PUTRAJAYA: The Malaysian government will channel additional funds worth RM600 million (US$135.28 million) to the Health Ministry to support its efforts in combating COVID-19, said Prime Minister Muhyiddin Yassin on Monday (Mar 23).
Speaking during a televised press conference, Mr Muhyiddin said the additional funds will be used to purchase equipment like ventilators and personal protective equipment (PPE) for medical staff as well as to beef up manpower.
He added that the government has approved the funds so that the critical purchases may be done quickly.
My Muhyiddin said that RM500 million will be used to purchase additional equipment and PPE, while RM100 million will be set aside for the Health Ministry to hire 2,000 new employees on a contract basis.
“Many nurses and hospital staff are exhausted during this period because they are forced to work day and night to test individuals for COVID-19 and treat those who have been confirmed positive,” said Mr Muhyiddin.
“I hope that that the appointment of more staff can be done as soon as possible so that all hospitals have enough manpower to combat the spread of COVID-19,” he added.
MORE ECONOMIC AID TO INDIVIDUALS, STATE GOVERNMENTS
Moreover, the prime minister announced that the government has allowed Malaysians below the age of 55 to withdraw from their employee provident fund (KWSP), up to RM500 every month for 12 months.
He said that the money may be used by Malaysians whose livelihoods have been impacted by the movement control order announced by the government to combat COVID-19.
The Malaysian government had earlier imposed the movement control order for two weeks from Mar 18 until Mar 31 to curb the spread of COVID-19.
As part of the order, Malaysians are barred from travelling overseas while visitors are not allowed to enter the country. It also involves the closure of all government and private premises except for those providing essential services.
All houses of worship and business premises are also closed except for supermarkets, wet markets, grocery shops and convenience stores selling daily necessities.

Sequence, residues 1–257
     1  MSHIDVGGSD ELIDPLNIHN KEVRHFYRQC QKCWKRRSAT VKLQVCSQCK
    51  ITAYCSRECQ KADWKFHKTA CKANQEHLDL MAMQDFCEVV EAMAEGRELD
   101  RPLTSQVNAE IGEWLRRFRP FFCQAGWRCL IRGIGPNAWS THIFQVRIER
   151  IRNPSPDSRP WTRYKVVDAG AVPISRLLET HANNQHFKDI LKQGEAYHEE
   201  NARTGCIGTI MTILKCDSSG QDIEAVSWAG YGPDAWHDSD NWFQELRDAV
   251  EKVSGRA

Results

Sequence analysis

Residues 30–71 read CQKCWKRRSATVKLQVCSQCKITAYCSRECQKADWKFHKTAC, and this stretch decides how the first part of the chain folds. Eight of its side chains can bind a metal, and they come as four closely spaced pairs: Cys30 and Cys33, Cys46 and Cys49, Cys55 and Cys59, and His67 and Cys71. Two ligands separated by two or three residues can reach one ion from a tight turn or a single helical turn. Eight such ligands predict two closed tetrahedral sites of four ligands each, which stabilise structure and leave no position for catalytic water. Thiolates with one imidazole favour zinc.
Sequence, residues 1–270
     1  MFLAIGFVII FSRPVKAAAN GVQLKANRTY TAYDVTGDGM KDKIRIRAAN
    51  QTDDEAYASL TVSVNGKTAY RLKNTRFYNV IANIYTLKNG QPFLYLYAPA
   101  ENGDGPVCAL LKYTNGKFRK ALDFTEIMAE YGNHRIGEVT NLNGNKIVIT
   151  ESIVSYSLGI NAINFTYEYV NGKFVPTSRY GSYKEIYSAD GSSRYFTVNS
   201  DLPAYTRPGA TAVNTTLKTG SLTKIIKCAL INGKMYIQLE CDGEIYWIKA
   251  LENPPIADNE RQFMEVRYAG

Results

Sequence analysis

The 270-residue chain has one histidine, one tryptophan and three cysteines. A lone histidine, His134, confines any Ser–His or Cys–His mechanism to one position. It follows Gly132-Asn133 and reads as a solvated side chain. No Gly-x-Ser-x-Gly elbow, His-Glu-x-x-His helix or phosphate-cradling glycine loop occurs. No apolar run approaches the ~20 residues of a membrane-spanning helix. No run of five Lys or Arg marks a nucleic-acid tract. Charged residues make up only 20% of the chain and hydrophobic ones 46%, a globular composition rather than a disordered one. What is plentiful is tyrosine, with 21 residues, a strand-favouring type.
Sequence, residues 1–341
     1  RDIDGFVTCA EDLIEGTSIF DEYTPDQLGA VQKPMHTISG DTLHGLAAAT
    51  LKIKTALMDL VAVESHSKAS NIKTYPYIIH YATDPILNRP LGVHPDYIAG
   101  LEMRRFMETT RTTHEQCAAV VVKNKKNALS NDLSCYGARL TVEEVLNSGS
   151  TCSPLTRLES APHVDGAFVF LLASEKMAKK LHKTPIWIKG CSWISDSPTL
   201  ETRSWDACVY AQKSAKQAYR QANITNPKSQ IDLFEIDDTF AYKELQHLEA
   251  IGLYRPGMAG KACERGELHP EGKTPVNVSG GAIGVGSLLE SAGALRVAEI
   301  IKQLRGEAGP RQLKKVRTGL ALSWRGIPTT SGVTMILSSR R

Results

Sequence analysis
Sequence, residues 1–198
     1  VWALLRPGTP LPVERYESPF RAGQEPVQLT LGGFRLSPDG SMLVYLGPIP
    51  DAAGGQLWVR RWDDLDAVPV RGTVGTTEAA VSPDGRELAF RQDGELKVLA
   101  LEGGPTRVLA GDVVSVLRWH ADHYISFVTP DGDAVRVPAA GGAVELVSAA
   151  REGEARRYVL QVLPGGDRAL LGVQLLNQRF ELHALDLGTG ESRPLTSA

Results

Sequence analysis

The government has also called on the public to stay at home and avoid going out during the order period to prevent the spread of COVID-19 in the country.
During his press conference, Mr Muhyiddin advised Malaysians to use the money wisely.
“Buy necessities that you require only during this difficult period. Importantly, ensure that there is food on the table for your family every day. Perhaps some of the money may be used to pay for water and electric bills or house rentals,” he added.
In addition, Mr Muhyiddin also announced that a total of RM130 million will be set aside equally to each state so that the respective state governments can use the funds to help small businesses affected by the pandemic. The money will also be channeled to patients who have tested positive for the virus and their families as well as assist state officials involved in handling the crisis.
He added that the same amount will be given to each state, regardless of political affiliations of the state governments.
“The crisis we are facing affects all Malaysians, regardless of race, religion or political ideologies,” he stated.
MOVEMENT CONTROL ORDER EXTENSION TO BE DECIDED NEXT WEEK
In response to queries from journalists at the press conference, Mr Muhyiddin said that the government had not yet decided if the movement control order, which ends on Mar 31, will be extended.
He said that the COVID-19 situation in Malaysia has improved since the order kicked in. However, the authorities will observe the overall picture carefully before making a decision, said the prime minister.
READ: Some Malaysians brace for two weeks of no income as movement control order disrupts daily activities
“Whether we extend the MCO or not depends on whether there is progress in the steps taken by the Health Ministry and whether the number (of infections) come down,” said Mr Muhyiddin.
He added that the National Security Council may decide on Mar 30 on whether any extension will be put in place.
In response to another question, Mr Muhyiddin added that the government was working with face mask manufacturers in Malaysia to ensure that the stock of face masks are sufficient and are being sold at fair prices.
He noted that some manufacturers were having problems obtaining raw materials, especially those that are imported. But he remained optimistic that two to three million face masks will be produced in Malaysia each month.
As of Monday morning, Malaysia’s COVID-19 death toll was 11 and it reported more than 1,300 positive cases, making it the hardest-hit country in Southeast Asia.